Automatic language translation in Safari is superb, but it has a limited number of languages, and so does Apple’s Translate app. Here’s how to translate between more languages.
Apple has had a habit of using the word “magical” for anything new, but in this specific case it’s the correct term. If you need, or just want, to read websites in languages you don’t understand, Safari is genuinely magical.
Translation in Safari
Go to a website in Safari and, if its in one of a select few languages, it can all be translated. And all really does mean all.
Rather than translating a sentence here or there, Safari will redraw the page with every bit of text changed into English. More, if you go from that page to another one on the same site, you don’t even have to tell Safari you want that translated too.
Until you leave a site, or you tell Safari to switch back to the original language, everything will be translated for you automatically and very quickly.
There is this issue that Safari is limited in how many languages it can do this for, but that will increase over time. What’s perhaps more pressing is that you often don’t want an entire site translated, you just want to know what this bit says.
This is the ideal: Safari translates a page in place.
Choosing languages to translate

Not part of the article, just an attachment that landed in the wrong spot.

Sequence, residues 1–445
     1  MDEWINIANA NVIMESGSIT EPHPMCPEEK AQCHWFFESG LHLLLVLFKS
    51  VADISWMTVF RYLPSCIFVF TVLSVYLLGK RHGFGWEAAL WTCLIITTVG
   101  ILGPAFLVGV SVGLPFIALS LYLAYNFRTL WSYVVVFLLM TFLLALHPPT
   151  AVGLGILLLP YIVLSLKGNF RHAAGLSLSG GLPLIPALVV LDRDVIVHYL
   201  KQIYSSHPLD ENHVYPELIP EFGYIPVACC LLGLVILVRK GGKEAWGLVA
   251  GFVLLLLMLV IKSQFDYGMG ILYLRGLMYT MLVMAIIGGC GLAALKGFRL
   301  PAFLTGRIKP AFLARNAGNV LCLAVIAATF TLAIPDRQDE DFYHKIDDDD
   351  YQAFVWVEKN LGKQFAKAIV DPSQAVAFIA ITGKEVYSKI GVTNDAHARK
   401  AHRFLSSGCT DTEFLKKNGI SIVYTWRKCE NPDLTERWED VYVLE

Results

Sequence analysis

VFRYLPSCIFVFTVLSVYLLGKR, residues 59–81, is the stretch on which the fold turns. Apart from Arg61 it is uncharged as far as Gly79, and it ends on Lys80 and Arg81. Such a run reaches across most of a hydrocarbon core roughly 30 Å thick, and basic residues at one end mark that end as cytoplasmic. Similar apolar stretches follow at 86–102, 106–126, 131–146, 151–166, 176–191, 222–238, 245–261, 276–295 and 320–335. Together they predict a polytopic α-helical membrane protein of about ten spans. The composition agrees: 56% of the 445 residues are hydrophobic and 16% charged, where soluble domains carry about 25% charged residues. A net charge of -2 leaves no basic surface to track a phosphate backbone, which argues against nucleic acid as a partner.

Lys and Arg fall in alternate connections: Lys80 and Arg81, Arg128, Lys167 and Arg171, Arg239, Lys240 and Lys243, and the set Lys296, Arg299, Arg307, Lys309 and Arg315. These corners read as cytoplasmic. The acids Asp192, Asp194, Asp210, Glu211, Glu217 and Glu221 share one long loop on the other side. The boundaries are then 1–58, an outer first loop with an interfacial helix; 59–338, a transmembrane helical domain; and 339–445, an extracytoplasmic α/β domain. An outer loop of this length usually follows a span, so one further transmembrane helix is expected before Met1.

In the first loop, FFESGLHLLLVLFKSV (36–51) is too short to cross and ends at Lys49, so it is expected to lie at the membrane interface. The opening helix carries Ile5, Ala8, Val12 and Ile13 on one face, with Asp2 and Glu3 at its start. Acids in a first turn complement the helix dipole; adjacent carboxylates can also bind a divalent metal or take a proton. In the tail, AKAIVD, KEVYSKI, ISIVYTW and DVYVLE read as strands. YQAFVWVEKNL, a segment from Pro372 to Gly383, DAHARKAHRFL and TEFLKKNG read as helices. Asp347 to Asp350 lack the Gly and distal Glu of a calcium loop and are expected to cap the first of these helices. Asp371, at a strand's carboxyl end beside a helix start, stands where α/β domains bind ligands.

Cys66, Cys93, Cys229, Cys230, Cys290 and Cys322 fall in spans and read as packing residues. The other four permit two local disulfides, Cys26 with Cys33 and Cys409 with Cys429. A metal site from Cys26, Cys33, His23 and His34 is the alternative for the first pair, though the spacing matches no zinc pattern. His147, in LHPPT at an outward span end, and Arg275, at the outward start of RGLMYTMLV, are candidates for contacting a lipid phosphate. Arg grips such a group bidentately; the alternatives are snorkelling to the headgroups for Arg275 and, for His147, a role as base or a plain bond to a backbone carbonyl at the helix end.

It’s a big job adding the facility to translate a given language and it is going to take time for more to be added to Safari. That’s a pain if your preferred languages are not yet available, but it’s also understandable.
What’s less understandable is how hard it can be to determine what languages you can translate. By default, Safari will recognize a number of languages and tell you when a translation is available.
However, Apple says that you may be able to add more by altering your region settings. If you go to System Preferences, choose Language & Region, then click on General, you do get options.
There’s a list of your preferred languages, which may well only contain one. But there’s a plus sign at the bottom of the list and through that you can add many more.
Except there doesn’t appear to be any clear way to determine from the list of available languages, which ones can be translated automatically. Not by Safari, and presumably not by the forthcoming macOS Monterey.
How translation will improve in macOS Monterey
The forthcoming macOS Monterey is going to address this. It will feature Safari’s translation technology, but apply it system-wide.
So whatever you’re doing on your Mac, including reading the web in browsers other than Safari, macOS Monterey can provide translations. Selecting text anywhere on your Mac and then right-clicking, will bring up a Translate option.
For now, though, you have to select text, copy it, and then take it to another service.
Using online translators
Easily the best-known online translator is Google’s and if you do this a lot, translate.google.com is a very familiar address. What you get there looks like an online version of Apple’s own iOS Translate app, in that you get two text areas.
Paste or type text into one side, read the translation in the other. Google will determine what the original language is, and will default to showing you the result in English. You can, though, change either side as you need.